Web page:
vegetable retailing, sewing and knitting household utensil repairs, woodwork, metal work,
general trading, etc.
Industry contributions to total exports and tax revenues are a direct result of the
generated output and employment. Over the period 1990-96, sugar exports comprised 22% of
total exports. Contributions to public revenues in the form of company tax, sugar levy,
sales tax and personal income tax from employees makes the Sugar Industry by far the
largest contributor to the fiscus. When this is taken together with the savings associated
with those social services provided by the industry which would otherwise have had to be
provided by government, it makes the total contributions enormously important for the
country. The corollary to this is that an adverse change in any aspect of the Industry
will have significant negative impact on the rest of the economy.
SOCIAL SERVICES AND CORPORATE RESPONSIBILITY
The Industry is actively involved in the provision of social services - namely, medical
care, education, housing, water and recreation. Medical care is provided through clinics
and hospitals at heavily subsidised prices. Education is provided not only through
pre-schools, primary schools and secondary schools, but also through scholarships tenable
at the tertiary level. This raises the actual direct output and employment contributions
of the sugar industry beyond those indicated above.
The industry always responds quickly and significantly to normal disasters. This was
demonstrated by enormous contributions to help local communities in the wake of the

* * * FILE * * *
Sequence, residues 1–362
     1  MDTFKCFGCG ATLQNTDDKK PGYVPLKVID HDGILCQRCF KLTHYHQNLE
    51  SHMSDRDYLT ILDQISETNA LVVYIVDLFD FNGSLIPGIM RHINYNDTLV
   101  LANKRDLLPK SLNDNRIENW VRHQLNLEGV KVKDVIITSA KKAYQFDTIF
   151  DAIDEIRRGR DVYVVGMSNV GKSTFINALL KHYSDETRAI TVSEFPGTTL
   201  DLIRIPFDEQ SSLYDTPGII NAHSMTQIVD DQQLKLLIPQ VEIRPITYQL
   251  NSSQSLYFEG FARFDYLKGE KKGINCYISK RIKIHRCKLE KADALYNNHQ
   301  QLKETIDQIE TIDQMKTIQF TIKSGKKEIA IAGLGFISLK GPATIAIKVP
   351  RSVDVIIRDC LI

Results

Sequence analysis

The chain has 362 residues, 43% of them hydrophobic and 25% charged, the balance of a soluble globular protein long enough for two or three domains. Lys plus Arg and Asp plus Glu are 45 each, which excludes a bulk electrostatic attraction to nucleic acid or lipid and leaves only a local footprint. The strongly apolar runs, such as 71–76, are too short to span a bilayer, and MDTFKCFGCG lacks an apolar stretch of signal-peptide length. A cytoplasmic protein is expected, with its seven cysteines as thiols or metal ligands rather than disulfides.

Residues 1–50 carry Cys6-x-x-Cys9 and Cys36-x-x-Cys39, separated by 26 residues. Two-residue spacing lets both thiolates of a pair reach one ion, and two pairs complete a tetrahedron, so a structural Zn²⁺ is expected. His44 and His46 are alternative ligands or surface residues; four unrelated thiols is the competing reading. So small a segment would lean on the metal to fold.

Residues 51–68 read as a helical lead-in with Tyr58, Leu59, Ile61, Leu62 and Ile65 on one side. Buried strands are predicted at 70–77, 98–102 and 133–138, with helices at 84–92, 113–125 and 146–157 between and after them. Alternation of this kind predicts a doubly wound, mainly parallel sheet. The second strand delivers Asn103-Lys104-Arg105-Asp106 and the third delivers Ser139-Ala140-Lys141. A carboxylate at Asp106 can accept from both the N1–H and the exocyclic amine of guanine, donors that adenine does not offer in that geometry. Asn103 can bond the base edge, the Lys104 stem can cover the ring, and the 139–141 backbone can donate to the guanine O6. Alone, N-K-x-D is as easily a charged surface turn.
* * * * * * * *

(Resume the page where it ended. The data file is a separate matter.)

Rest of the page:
devastation by Cyclone Domoina in 1984 and the debilitating drought experienced in
1992-94. The sugar industry also contributed to the rebuilding of some of the schools
whose roof-tops were blown away by storms during the early part of 1998.
Scholarships for training Swazis mainly at the tertiary level of education amounted to
E254 000 during the year ended March 1998.
One important national process involves the Constitutional Review Commission (CRC) during
1977, the CRC completed its first phase which comprised the distribution of a booklet on
the current constitutional dispensation. It also started on its next phase which involves
The Economic and Social Reform Agenda (ESRA) was officially launched by the Prime Minister
in February 1997 and was implemented during the year. Its primary objective is to
revitalise the economy, which has shown little growth over the past few years. This is to
be achieved through the provision of an enabling environment (including good economic,
management, improved infrastructure and rule of law) within which the private sector is
expected to act as the engine of growth. One of the important components of ESRA is the
Public Sector Management Programme (PSMP). A number of management audits and workshops
were held in 1997/98 under the PSMP.
The process of compiling the National Development Strategy (NDS) was completed in August
1997. This was marked by the production of a document which had the support of all the
national stakeholders involved in its compilation. The stakeholders came from a wide cross
section of the Swazi economy and community. The NDS contains a vision for the country to